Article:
A screenshot of my desktop

My Private Digital Rebellion

An exploration into how I fight against mess and anxiety by keeping a neatly ordered online life.

Content warning: this post contains discussion of mental illness.

I am not an organized person. Ask anyone who has seen my living spaces over the years — parents, college roommates, girlfriends, my roommate’s dog — and they will attest to my constant clutter. I am one of those people who will leave his clothes on the floor for days at a time while simultaneously insisting that, yes, there is a system to how the clothes are laid out on the floor so please leave the piles of shirts and balled up socks alone, thank you.

Digitally, however, I am the complete opposite. Everything about my digital life is curated and structured to the fullest extent possible.

A screenshot of my plain black laptop background
A real screenshot of my desktop background. The two loose files in the bottom right are bound for an external hard drive and order will soon be restored.

I have been this way with computers for as far back as I can remember. When I received my first iPod around the age of 10, a glorious bright blue Nano with four whole gigabytes of storage space, I would spend hours adjusting the artist and genre information on our family’s desktop iTunes library so that my songs would categorize themselves perfectly on my new device. On my phone, I arrange my apps in alphabetical order, first by the title of their folder then within the folders by the name of each app.

The rise of media software like Spotify, Plex, and Letterboxd over the last decade has only fed into this passion for digital organization. For example, I curate more than 50 playlists on my Spotify, many of them designed with weirdly specific criteria as their guide.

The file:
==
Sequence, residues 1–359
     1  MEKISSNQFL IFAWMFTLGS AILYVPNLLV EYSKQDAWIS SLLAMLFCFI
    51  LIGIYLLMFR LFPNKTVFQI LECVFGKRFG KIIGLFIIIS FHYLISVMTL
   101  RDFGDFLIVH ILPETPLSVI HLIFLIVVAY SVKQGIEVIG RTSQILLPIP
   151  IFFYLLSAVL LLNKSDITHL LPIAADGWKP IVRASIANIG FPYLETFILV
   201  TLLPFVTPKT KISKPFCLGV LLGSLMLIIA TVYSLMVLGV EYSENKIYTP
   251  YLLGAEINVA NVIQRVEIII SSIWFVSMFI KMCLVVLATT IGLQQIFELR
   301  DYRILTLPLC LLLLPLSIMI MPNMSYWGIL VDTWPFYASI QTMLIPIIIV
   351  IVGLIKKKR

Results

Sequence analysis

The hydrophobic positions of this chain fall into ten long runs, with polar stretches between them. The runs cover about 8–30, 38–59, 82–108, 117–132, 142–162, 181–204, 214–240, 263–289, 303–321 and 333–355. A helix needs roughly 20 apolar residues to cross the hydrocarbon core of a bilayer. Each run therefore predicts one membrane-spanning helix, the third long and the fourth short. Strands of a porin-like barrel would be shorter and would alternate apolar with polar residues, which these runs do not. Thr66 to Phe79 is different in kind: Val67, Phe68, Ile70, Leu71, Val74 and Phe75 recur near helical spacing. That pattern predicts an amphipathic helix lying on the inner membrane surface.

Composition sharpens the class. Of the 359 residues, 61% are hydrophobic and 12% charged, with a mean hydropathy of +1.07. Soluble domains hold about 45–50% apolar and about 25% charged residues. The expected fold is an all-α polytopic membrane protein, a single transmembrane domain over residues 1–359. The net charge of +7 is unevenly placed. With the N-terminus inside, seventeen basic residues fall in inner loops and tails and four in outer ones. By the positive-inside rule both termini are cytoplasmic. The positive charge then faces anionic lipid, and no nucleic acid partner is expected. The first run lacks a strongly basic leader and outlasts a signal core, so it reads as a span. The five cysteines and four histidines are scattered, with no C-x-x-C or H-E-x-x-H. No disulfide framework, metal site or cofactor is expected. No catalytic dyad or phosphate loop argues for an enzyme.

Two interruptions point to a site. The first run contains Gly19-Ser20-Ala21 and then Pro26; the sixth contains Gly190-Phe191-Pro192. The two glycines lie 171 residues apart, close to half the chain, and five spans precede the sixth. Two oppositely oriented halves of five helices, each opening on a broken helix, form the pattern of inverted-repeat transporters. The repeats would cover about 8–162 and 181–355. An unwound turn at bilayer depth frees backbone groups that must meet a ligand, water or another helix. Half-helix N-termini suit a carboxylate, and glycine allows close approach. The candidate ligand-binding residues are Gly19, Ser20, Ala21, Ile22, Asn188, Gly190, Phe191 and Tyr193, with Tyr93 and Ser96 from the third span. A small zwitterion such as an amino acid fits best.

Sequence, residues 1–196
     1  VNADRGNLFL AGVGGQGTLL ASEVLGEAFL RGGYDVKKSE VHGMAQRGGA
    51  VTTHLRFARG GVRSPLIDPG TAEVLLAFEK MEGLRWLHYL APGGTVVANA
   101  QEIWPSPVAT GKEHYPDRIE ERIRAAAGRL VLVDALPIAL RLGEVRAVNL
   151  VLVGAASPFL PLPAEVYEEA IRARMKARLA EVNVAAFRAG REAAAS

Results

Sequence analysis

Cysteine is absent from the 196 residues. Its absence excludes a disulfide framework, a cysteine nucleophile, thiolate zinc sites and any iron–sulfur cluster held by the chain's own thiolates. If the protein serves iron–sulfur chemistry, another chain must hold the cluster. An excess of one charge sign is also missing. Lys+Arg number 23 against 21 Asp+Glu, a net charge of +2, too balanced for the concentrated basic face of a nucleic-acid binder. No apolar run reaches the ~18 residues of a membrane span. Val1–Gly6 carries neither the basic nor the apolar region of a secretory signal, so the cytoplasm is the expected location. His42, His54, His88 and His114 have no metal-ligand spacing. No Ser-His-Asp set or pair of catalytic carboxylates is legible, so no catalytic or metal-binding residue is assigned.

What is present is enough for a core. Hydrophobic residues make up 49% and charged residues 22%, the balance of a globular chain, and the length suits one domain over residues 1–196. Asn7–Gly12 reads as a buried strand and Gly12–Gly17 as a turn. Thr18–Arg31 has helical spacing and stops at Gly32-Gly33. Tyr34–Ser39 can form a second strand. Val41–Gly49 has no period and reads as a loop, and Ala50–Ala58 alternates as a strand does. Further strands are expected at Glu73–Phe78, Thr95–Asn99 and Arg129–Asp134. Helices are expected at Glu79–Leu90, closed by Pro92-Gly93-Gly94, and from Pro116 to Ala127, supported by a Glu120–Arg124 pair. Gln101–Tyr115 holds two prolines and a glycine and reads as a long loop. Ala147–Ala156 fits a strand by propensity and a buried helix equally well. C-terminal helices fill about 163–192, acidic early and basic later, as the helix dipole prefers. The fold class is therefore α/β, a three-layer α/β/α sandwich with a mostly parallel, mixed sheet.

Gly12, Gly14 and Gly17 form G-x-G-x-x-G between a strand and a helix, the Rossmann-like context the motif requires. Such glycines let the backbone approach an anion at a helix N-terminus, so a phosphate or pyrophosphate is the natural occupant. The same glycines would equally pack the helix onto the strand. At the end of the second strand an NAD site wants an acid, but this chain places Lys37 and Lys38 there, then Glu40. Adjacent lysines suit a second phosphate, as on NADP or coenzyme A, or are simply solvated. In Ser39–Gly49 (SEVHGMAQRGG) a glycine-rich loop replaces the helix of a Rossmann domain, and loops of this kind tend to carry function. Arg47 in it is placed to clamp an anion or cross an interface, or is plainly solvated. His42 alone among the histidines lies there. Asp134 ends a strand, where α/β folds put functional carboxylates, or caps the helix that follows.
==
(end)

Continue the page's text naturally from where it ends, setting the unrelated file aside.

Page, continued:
A screenshot of a Spotify playlist titled "Guys Who Sing" featuring Frank Ocean
Do I really need a 79 song playlist to remind myself Frank Ocean is the GOAT? No, but I feel better with it than I would without it.

Most of these playlists are private or link-only, so their creation is not a clout chasing move to gain followers. I simply feel better when my digital life is as ordered as my physical life is chaotic.

While my workspace is littered with loose papers, chicken scratch Post-It notes, and receipts for lunch from three months ago, my Plex drive contains every movie I own, metadata dutifully imported using a special program called Subler, along with the film’s poster manually adjusted after the fact to match the official cinematic release in case IMDb pulls the wrong artwork.

The irony of the stark discrepancy between my physical workspace and digital storage is that my Plex drive is private, to be seen only by me and the friends I watch movies with, while my workspace (post-COVID) will be seen daily by dozens, if not hundreds, of coworkers, custodians, fire marshals, and SafeShred staffers.

This week’s digital organization passion project is my new Letterboxd profile. Introduced to me by some Twitter friends, the movie rating platform is hardly new. However, not being much of a film buff, I only learned of and signed up for the site this week.

In two days, I have already created five lists, reviewed twelve movies, and logged 95 films that I have seen. Something about categorizing the movies I have watched throughout my life, once again often sorted into playlists based on hyper-specific criteria, appeals to me. It makes me feel productive to sort digital items ever so carefully, despite the fact that “film critic” could not be further from my job description.